As a novelist and semiotics professor, Umberto Eco said ‘the language of Europe is translation’. He is quite a reliable and trustworthy source, since he has dealt with language-related topics for his whole career. In one of his best known book, “The search for the perfect language” he widely explored the possibility of a single common language, as dreamt by philosophers, novelists and theologians for centuries, since the fall of Babel’s Tower. There’s no such universal language, of course, even though during the Eighteenth century Indo-European was discovered to be the “root” of all European idioms; nowadays European idioms are a lot: only in the European Union we have recognized 24 of them as official languages, to be precise.
That makes European Institutions some sort of a Babel themselves, but unlike the biblicist narrative, Europeans managed to solve the problem with a valuable tool that brings us back to professor Eco’s quote: translation. Translation goes together with multilingualism and is an essential part of everyday job within the Institutions. One could possibly dream about a “universal language” and ask why not to choose a single language as lingua franca, in order to ease all the processes and speed up EU’s works, but that’s not possible. It’s against the rules. As Article 22 of EU Charter States recites, “The Union shall respect cultural, religious and linguistic diversity”. This means member states and their spokespersons can express themselves in their own mother tongue, which means a lot of work for interpreters and translators.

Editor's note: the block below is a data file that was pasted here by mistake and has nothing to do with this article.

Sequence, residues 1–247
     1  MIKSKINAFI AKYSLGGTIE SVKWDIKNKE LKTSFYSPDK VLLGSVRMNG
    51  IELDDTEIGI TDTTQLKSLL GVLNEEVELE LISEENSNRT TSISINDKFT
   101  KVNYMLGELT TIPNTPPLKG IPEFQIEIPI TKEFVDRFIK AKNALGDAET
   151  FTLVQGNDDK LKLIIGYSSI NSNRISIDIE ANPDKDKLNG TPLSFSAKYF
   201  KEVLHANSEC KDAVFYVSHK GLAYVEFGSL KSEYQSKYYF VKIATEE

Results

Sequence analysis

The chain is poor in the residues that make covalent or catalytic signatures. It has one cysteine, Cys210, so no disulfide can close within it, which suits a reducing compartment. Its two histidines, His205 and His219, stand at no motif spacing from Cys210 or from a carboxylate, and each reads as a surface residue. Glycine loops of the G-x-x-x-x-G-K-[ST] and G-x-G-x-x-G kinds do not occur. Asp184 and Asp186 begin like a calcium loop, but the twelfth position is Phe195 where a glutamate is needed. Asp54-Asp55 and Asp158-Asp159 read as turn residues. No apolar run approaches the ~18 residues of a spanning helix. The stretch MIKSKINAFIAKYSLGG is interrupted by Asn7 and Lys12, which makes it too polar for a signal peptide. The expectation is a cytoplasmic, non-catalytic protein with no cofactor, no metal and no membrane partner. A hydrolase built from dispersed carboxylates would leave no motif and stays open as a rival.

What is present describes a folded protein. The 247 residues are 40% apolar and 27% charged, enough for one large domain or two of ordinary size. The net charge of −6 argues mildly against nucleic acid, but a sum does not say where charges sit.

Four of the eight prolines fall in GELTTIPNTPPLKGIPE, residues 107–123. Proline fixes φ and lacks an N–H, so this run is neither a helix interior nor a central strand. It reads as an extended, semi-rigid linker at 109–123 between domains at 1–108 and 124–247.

To give an idea about all the efforts put by EU in multilingualism, check our Wednesday Video Fix!
Social Media Specialist
Communication Trainee at TermCoord